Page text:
One of the greatest “a-ha” moments of my exploration into healing was when I realized that just because a person is afraid to take on a complicated new diet or unable to stick to a daily exercise regime, it doesn’t mean that she is inherently disorganized or lacking in self-discipline. It means that something is getting in the way.
This is true for everybody. If there is something that you would like to be doing for your health that you are just not getting to—like making medical appointments, doing your physical therapy, or eating healthier meals—it does not mean that you are lazy or inherently disorganized. It means that some obstacle is blocking you from seeing and doing one of the healthiest, most important, and divinely attuned things you could be doing: Taking care of your well-being.
Sometimes the obstacle is an emotional one, like a negative body image that makes exercise challenging or a work ethic that makes any seemingly “nonproductive” activity like yoga appear worthless. Sometimes it’s a logistical one, like not having time to make a healthy lunch.
How Emotions Matter
If you are having a hard time committing to your healing work, it means that emotional or logistical obstacles are getting in your way. The truth, though, is that it’s mainly emotions. Most logistical obstacles could be overcome with the right attention and support—if our emotions didn’t get in the way.
We might say, “The gym is too far,” or “I don’t have the time or money to make healthy food,” but the reality is that if we had enough support and weren’t afraid of change, doubtful of the outcome, or had some other hesitation, we could usually find a creative solution.
The logistical obstacles are bigger and harder to overcome for some people than others; particularly those with few financial resources or significant physical disabilities, but anything can be possible if you get the right support and have the right mindset.
I’m not saying that most of the time we have total control over the outcome of our health. That’s way more mysterious. I am saying that most of the time, and maybe even all of the time, you could have more control over how you take care of your health, if some tough feelings didn’t get in the way.
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Keep in mind that those tough emotions are not your fault. You came by any emotional blocks you now have through genetic predisposition and events beyond your control when you were young. It can be hard to overcome them. However, you are the only one that can do it. And, once you do identify the emotions that are tripping you up and loosen their hold, the sky is the limit for what you can do with your health.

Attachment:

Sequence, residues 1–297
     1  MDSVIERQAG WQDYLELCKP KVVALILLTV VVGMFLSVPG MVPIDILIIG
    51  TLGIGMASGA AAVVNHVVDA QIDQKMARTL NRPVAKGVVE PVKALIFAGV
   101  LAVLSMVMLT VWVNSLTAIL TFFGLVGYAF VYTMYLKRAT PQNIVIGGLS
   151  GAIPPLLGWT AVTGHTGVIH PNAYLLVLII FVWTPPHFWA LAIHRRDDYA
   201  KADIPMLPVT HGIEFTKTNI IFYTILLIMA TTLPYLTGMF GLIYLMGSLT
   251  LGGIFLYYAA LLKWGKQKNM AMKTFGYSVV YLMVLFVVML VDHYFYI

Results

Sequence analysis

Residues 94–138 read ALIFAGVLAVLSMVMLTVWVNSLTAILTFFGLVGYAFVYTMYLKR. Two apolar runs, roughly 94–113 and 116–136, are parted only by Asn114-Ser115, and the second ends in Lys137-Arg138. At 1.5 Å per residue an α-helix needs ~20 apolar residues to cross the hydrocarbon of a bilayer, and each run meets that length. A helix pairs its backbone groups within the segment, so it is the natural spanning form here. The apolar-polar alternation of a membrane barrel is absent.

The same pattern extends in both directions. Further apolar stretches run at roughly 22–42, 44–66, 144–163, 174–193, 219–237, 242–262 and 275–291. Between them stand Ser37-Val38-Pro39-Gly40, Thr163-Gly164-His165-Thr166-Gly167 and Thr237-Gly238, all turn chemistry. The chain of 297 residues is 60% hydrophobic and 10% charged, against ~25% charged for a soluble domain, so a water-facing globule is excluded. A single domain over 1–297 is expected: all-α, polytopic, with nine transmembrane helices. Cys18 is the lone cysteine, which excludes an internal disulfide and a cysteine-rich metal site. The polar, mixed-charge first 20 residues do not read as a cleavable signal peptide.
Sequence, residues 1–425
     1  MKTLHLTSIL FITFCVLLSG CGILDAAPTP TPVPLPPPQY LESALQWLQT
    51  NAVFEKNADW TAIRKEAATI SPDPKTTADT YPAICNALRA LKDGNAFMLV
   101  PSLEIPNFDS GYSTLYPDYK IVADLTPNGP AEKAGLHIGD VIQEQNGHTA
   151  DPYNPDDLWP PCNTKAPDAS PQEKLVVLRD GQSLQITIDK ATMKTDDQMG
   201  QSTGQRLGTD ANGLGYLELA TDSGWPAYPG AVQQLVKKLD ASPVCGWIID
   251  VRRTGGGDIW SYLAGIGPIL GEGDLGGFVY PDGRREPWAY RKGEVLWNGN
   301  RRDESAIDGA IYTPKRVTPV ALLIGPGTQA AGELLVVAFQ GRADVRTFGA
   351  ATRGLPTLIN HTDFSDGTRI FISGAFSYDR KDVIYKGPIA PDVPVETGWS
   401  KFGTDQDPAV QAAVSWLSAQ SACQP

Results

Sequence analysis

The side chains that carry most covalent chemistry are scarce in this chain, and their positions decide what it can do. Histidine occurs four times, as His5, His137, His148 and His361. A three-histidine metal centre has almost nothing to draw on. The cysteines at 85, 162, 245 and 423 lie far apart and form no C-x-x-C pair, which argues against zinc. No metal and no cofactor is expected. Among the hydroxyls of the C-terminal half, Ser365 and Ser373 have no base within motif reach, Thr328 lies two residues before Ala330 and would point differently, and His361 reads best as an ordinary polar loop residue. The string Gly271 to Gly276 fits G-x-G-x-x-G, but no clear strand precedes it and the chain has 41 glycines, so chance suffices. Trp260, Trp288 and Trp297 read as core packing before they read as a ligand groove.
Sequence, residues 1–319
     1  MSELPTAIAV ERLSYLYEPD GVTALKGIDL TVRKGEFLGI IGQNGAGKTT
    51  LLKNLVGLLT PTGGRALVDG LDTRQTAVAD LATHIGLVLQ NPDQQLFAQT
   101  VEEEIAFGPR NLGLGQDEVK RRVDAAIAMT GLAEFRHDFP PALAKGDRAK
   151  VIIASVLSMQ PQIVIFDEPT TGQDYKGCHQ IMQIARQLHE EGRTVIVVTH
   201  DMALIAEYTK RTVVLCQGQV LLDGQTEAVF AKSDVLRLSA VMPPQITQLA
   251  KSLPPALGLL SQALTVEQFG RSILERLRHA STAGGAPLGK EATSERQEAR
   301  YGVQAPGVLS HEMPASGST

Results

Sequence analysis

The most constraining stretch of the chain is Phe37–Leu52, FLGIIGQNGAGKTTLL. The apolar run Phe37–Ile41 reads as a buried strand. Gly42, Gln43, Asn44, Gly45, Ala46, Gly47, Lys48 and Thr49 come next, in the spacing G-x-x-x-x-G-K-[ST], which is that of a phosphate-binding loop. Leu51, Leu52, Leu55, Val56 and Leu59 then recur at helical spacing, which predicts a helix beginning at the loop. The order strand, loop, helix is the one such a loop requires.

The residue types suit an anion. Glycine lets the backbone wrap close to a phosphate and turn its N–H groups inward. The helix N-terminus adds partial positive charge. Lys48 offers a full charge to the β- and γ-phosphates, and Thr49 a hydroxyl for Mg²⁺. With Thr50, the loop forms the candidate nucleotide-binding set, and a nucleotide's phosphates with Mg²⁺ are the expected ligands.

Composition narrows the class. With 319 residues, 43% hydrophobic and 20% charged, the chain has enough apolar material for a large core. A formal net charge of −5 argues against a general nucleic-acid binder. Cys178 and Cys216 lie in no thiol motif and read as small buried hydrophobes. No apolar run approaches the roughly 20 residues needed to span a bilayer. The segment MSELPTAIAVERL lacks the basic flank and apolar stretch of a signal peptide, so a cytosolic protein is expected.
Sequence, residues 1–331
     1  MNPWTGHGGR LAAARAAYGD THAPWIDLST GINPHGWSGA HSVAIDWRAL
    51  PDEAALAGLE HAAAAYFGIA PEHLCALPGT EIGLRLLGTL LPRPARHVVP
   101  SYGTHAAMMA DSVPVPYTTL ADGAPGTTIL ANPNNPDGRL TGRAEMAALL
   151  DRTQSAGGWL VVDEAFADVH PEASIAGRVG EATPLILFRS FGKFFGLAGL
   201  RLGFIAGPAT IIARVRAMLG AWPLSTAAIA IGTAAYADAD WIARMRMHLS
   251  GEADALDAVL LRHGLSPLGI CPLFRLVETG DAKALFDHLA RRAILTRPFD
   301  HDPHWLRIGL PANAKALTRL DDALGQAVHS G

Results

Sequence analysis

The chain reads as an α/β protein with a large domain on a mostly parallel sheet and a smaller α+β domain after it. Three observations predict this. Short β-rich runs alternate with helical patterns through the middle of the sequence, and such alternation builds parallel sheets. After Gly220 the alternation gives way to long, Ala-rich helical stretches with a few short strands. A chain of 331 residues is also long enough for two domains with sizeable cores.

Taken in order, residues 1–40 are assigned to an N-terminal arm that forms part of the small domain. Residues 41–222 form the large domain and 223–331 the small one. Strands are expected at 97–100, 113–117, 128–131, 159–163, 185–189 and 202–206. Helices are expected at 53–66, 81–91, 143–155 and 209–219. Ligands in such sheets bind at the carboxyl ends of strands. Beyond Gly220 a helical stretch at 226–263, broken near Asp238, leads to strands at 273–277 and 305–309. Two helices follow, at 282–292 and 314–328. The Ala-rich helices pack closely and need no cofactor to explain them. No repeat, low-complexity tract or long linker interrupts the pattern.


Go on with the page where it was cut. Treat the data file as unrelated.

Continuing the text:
When Feelings Rule Your Decisions
I thought by masking the depression with silence,
the feelings might disappear. — Sharon E. Rainey
We all like to think of ourselves as rational people who make decisions based on what is best for us in the long run. Sometimes we do that, but sometimes we don’t. I often hit the next episode button on my favorite TV show, when heading to bed would be a better idea. I might eat a big dessert even though I won’t feel great afterward.
I don’t think I am the only one who lets my emotions control a lot of my actions. Do any of these quotes sound familiar to you?
“I meant to go to the gym this morning, but I just didn’t feel like it.”
“I keep putting off that doctor’s appointment. It stresses me out.”
“Friends have recommended that diet to me, but it just feels too hard.”
If these sound familiar, don’t feel bad. We all let our feelings sabotage our best intentions. Sometimes we are aware of it and sometimes we aren’t. A good rule of thumb is that you are acting based on feelings instead of rational thought almost every time that you reach for the less healthy food, don’t call the doctor when you think you should, or choose not to prioritize your health in any way. For most of us, that’s a lot of the time.
That is not to say that we should never have a big dessert or skip a trip to the gym. It’s just that when we do those things regularly or don’t even try to make changes that could help us heal because they “feel” too hard, we are letting our emotions get in the way.
The truth is that even if you are well aware that your feelings are controlling your actions, finding a way to handle those emotions in a healthy manner can be tough. The first person who taught me about the power of emotions to derail healing efforts was my dad, Jim Hillis. He was diagnosed with pulmonary sarcoidosis when he was 69. That’s an autoimmune disease that causes inflammation in the lungs and can cause difficulty breathing.